Books are read from page one until the end. That’s not how books are written
Books are finished products, and are read from page one until the end. That’s not how books are written. When a writer begins writing, the book being written may very well start at the beginning. There’s a strong likelihood, however, that it may also start with the end in mind first. A writer may even start writing the book in the middle, then backtrack to the beginning or fast forward to the end, and then venture back to the opening.
Scenes are written out of place. Notecards are moved around. Ideas are jotted into margins with little arrows pointing to new potential destinations. Story paradigms are shifted, inciting incidents scratched, plot points adjusted. What you thought was the resolution all along is not the resolution at all.
Where does the story end, not where does it begin?
As the great screenplay writer and instructor Syd Field once noted: the first thing a writer needs to know about their story is where does it end?
Not, where does it begin. You need to know where it ends.
Going for a casual drive in your car with no destination may be relaxing from time to time. In writing, as in life, that can often lead to beautiful countrysides. It can also mean taking back roads that lead to nowhere or down streets with a chain link fence and trash cans along the side at a dead end in the middle of the night seventy five miles from home with a rottweiler barking at you. And, oh shit, you just ran out of gas.
I used to be a pantser, a term for writers who fly by the seat of their pants when writing. We get an idea and we run with it, in a nutshell. We’re not plotters. We don’t outline. We just start writing and see where it takes us. There’s a great amount of liberation in this practice. And, there’s a lot of imprisonment in it too — you just don’t realize it until you’ve turned the key on your own cell and locked the door, and the prison guard announces to the cell block, “Lights out.”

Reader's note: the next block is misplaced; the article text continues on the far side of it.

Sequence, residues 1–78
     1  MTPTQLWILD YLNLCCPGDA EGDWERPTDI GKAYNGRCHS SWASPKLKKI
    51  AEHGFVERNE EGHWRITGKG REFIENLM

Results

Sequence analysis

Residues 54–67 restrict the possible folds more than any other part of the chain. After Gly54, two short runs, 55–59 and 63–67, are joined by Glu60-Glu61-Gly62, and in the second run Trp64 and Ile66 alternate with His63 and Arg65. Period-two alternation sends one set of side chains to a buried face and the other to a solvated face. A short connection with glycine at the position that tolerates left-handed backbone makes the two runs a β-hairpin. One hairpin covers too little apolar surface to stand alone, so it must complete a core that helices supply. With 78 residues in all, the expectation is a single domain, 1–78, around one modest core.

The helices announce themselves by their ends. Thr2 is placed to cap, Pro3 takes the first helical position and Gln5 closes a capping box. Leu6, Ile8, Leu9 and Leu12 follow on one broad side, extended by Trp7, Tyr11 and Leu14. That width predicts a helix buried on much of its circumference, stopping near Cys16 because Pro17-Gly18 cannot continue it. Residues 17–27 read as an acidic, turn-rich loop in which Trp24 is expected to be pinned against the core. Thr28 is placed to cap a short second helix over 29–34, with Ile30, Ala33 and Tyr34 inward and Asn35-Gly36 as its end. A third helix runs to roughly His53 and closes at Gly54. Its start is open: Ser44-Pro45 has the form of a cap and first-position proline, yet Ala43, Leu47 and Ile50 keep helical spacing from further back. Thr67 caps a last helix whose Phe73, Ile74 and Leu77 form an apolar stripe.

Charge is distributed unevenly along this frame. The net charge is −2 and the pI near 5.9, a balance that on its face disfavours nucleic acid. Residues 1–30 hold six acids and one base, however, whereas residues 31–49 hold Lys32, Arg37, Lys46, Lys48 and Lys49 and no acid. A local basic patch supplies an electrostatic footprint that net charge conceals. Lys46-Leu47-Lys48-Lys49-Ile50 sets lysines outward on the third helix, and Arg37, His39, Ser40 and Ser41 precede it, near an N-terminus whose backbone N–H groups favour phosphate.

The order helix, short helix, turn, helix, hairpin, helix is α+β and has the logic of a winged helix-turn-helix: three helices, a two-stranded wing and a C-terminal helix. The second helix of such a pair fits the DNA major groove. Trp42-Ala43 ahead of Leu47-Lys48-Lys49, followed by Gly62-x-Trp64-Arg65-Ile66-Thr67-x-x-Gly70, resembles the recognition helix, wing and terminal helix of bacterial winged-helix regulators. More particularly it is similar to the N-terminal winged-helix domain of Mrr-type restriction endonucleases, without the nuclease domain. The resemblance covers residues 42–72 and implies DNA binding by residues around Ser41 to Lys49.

Don’t get me wrong: some of the words and sentences and paragraphs most endearing to me are the result of being a pantser. I’m mostly pantsing it now to be entirely forthright (okay, I am entirely pantsing it), and that’s much easier to do when writing a blog post. Writing a book, at least for me, being a pantser is a recipe for disaster. It’s the primary reason I’ve started so many different projects and eighty pages in, I get stumped and have no idea where to go. And so, I beat my head against the wall in frustration and the project is abandoned. When the Lights Go Out at 10:16 is a very good example of this.
What’s funny is that it’s taken me a lot of trial and error to even realize I’m a pantser, and that I’ve been setting myself up for sabotage again and again over the course of my writing life.
Writing a book is like creating a gourmet meal — you best know all the ingredients before you start
To quote the punk band the Descendents, “I like food. Food tastes good.” And, I think food is an apt metaphor as it relates to cooking up a novel or memoir, or even a short story.